Document Detail


An Eastern perspective on oesophageal perforation: a high incidence of ingested bones.
MedLine Citation:
PMID:  18593413     Owner:  NLM     Status:  MEDLINE    
Abstract/OtherAbstract:
BACKGROUND: Oesophageal perforation is uncommon, with controversy surrounding its optimal management. Our local experience shows a high incidence of oesophageal perforation secondary to ingested bones. METHODS: Fourteen patients with oesophageal perforation treated at Changi General Hospital in Singapore between January 1996 and December 2006 were retrospectively reviewed. RESULTS: The median age was 52 years (16-79 years), with eight men and six women. There were 11 thoracic perforations and 3 cervical perforations. Ten perforations were the result of foreign body ingestion, three were spontaneous and only one was iatrogenic. The offending foreign body was a fish bone in five patients, a chicken bone in four and a tooth in one. Three of our 14 patients were treated surgically. The remaining 11 patients were treated non-operatively. All nine patients with fish or chicken bone perforation were treated conservatively, except two in whom conservative therapy failed and they subsequently required surgery. The median length of hospital stay was 7 days (2-109 days). There was one death. CONCLUSION: Oesophageal perforation requires prompt diagnosis and treatment. Most of our oesophageal perforations are secondary to ingested bones. Such cases can often be treated conservatively in our experience.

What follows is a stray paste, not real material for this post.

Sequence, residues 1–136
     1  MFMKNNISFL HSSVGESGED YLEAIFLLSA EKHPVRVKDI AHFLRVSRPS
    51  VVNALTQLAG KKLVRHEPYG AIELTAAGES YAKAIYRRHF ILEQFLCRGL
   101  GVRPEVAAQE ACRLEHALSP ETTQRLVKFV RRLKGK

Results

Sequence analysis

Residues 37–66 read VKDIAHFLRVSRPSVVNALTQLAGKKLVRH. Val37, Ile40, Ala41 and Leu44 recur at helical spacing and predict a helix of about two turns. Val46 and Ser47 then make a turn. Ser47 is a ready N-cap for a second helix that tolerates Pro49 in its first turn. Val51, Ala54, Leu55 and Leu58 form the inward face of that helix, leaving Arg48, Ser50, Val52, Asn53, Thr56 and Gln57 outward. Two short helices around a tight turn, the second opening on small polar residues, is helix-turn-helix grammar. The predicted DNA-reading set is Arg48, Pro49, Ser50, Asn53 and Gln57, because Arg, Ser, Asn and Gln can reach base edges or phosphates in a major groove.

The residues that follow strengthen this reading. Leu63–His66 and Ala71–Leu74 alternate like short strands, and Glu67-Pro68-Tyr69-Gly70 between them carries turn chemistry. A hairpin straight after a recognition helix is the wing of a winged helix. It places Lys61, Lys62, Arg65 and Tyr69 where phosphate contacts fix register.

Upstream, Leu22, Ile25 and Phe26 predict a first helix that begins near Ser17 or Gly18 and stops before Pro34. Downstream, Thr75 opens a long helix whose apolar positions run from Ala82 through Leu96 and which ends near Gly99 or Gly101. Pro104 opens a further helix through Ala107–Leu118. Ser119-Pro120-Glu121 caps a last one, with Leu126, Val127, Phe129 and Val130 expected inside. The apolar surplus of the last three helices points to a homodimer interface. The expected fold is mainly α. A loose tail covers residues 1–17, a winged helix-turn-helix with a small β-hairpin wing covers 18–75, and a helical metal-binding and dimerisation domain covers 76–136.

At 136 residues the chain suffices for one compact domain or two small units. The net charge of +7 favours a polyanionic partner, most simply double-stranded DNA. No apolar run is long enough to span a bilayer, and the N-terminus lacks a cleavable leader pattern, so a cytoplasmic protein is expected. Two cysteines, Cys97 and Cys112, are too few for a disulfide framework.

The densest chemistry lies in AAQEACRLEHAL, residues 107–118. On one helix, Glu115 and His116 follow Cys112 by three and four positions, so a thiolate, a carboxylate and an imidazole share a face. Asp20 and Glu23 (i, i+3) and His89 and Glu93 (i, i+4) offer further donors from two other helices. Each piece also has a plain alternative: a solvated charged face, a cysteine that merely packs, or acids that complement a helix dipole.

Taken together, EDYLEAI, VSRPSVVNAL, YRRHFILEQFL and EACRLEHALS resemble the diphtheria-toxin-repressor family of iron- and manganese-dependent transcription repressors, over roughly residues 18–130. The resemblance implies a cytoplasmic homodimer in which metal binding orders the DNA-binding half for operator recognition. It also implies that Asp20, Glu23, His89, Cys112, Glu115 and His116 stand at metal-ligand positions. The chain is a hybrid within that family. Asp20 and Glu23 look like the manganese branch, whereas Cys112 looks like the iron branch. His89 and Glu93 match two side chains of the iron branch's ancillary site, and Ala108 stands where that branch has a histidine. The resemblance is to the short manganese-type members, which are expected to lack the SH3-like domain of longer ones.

Authors:
Kevin K Sng; Adrian J H Koh; Ngian-Chye Tan; Su-Ming Tan; Khoon-Hean Tay
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Publication Detail:
Type:  Journal Article    
Journal Detail:
Title:  ANZ journal of surgery     Volume:  78     ISSN:  1445-2197     ISO Abbreviation:  ANZ J Surg     Publication Date:  2008 Jul 
Date Detail:
Created Date:  2008-07-02     Completed Date:  2008-08-28     Revised Date:  -    
Medline Journal Info:
Nlm Unique ID:  101086634     Medline TA:  ANZ J Surg     Country:  Australia    
Other Details:
Languages:  eng     Pagination:  573-8     Citation Subset:  IM    
Affiliation:
Department of General Surgery, Changi General Hospital, Singapore. kevinksng@gmail.com
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MeSH Terms
Descriptor/Qualifier:
Adolescent
Adult
Aged
Animals
Bone and Bones*
Chickens
Eating*
Esophageal Perforation / epidemiology*,  etiology,  therapy
Female
Fishes
Foreign Bodies / complications*
Humans
Incidence
Male
Middle Aged
Retrospective Studies
Singapore / epidemiology

From MEDLINE®/PubMed®, a database of the U.S. National Library of Medicine


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